Apple’s rumored sleep tracking software is now a reality for Apple Watch users on the newly released watchOS 7 operating system, including wearers with the new Apple Watch Series 6 and Apple Watch SE.
“Apple Watch Series 6 completely redefines what a watch can do,” says Jeff Williams, Apple’s chief operating officer, in a releaes. “With powerful new features, including a Blood Oxygen sensor and app, Apple Watch becomes even more indispensable by providing further insight into overall well-being.”
A VentureBeat reporter tried the new sleep tracking feature on prerelease versions of watchOS 7 and reports, “Even with the latest and greatest Apple Watch, users can expect little in the way of actionable insights. This is coupled with the inconvenience of routine midday smartwatch recharging—a step beyond the prior ‘leave it on a nightstand dock’ system people grudgingly began to accept years ago. My big takeaway is that most users will be better off waiting for more mature software and hardware before diving into sleep tracking.”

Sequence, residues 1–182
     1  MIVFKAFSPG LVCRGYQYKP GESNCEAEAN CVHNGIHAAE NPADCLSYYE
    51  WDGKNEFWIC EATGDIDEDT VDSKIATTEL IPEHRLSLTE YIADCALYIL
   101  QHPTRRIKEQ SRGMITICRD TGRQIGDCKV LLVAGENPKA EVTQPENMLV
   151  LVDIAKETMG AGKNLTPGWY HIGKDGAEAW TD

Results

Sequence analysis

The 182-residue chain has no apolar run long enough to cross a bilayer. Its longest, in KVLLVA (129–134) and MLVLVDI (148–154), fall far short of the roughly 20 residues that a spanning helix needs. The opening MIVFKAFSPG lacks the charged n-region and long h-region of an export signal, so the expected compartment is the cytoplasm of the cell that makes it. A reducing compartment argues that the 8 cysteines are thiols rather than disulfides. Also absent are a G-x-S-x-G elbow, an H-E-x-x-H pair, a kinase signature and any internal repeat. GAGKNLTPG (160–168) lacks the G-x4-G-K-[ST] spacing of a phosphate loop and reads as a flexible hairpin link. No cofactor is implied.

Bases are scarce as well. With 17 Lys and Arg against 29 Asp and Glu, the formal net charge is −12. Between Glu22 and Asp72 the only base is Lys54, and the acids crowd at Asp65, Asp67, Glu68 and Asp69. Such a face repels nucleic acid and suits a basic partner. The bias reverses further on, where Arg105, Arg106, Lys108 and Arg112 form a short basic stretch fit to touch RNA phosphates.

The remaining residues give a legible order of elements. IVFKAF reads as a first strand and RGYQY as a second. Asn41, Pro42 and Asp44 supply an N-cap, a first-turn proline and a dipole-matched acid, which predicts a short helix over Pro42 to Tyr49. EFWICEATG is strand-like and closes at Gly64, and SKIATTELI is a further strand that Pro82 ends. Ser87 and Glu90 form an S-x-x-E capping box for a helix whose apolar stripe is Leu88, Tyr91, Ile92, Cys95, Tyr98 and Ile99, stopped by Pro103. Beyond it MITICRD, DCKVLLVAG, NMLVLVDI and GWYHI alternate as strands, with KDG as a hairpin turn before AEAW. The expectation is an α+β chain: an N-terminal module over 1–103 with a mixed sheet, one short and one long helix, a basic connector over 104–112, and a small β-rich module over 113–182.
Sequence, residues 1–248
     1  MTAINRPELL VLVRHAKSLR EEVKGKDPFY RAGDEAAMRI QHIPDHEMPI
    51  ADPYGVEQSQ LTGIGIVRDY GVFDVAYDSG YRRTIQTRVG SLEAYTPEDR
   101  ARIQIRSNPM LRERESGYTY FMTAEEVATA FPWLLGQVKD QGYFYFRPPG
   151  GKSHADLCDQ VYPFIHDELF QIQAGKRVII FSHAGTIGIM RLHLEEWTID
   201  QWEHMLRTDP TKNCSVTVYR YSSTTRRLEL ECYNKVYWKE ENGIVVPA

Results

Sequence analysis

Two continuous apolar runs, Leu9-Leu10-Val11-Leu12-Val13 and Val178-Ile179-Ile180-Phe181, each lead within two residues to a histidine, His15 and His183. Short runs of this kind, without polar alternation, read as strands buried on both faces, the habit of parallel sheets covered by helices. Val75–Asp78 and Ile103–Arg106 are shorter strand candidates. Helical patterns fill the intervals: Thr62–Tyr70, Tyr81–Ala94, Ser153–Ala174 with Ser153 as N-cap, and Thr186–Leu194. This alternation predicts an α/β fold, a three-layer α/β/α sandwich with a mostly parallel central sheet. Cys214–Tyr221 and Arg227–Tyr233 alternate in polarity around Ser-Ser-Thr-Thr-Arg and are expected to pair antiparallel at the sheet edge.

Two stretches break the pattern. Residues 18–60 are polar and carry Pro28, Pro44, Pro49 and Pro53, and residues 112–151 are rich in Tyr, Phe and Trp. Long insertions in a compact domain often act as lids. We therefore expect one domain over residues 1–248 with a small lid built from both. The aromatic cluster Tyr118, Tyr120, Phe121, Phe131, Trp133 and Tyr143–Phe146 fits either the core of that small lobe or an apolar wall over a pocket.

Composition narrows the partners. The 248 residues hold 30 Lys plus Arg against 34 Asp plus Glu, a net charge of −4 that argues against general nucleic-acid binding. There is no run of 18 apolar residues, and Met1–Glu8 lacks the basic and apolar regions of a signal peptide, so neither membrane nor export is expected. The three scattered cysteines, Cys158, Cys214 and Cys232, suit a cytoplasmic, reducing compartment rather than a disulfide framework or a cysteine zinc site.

Apple also touts that its new Apple Watch Series 6 includes a feature that measures the oxygen saturation (SpO2) of the user’s blood. To compensate for natural variations in the skin and improve accuracy, the sensor employs four clusters of green, red, and infrared LEDs, along with the four photodiodes on the back crystal of Apple Watch, to measure light reflected back from blood.
Apple will collaborate with the University of California, Irvine, and Anthem to examine how longitudinal measurements of blood oxygen and other physiological signals can help manage and control asthma. investigators with the Seattle Flu Study at the Brotman Baty Institute for Precision Medicine and faculty from the University of Washington School of Medicine will seek to learn how signals from apps on Apple Watch, such as heart rate and blood oxygen, could serve as early signs of respiratory conditions like influenza and COVID-19.